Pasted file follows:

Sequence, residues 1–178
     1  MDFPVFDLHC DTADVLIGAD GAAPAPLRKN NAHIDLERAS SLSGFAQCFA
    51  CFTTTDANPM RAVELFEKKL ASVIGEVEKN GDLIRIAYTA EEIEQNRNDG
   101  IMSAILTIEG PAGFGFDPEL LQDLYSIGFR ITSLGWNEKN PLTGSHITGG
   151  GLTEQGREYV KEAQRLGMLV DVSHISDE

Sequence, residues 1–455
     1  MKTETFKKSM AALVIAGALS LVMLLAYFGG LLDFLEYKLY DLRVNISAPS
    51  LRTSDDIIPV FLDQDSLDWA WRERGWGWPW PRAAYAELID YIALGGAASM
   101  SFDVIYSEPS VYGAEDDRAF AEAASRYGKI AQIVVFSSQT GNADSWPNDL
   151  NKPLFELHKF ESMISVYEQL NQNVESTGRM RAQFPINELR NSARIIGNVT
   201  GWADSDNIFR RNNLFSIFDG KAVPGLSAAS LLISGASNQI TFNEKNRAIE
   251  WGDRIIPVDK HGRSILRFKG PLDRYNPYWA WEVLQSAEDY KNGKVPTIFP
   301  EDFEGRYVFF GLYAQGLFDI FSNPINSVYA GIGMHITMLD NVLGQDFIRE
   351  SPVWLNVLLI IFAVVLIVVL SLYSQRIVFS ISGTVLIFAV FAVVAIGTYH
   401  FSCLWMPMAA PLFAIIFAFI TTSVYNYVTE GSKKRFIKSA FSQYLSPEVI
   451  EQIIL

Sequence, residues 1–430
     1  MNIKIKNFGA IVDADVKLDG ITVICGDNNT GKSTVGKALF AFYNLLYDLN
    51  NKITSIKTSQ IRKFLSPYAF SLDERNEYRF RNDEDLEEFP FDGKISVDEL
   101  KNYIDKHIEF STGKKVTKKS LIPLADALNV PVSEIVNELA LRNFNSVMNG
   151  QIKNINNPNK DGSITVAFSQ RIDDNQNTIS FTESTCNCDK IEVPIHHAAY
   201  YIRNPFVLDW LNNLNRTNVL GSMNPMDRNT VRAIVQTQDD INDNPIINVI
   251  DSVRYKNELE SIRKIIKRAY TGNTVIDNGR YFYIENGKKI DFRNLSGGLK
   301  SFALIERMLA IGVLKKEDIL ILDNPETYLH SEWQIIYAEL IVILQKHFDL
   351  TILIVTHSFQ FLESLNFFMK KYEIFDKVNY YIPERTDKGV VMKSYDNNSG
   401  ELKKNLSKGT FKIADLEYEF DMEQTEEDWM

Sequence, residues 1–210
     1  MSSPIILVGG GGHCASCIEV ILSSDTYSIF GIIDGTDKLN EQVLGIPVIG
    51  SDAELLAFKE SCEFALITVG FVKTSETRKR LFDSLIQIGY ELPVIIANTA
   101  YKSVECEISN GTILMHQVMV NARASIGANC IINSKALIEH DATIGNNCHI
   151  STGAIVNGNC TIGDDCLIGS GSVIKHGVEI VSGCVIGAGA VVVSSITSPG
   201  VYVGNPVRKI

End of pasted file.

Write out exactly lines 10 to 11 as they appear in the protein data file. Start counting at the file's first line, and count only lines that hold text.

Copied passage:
   151  NKPLFELHKF ESMISVYEQL NQNVESTGRM RAQFPINELR NSARIIGNVT
   201  GWADSDNIFR RNNLFSIFDG KAVPGLSAAS LLISGASNQI TFNEKNRAIE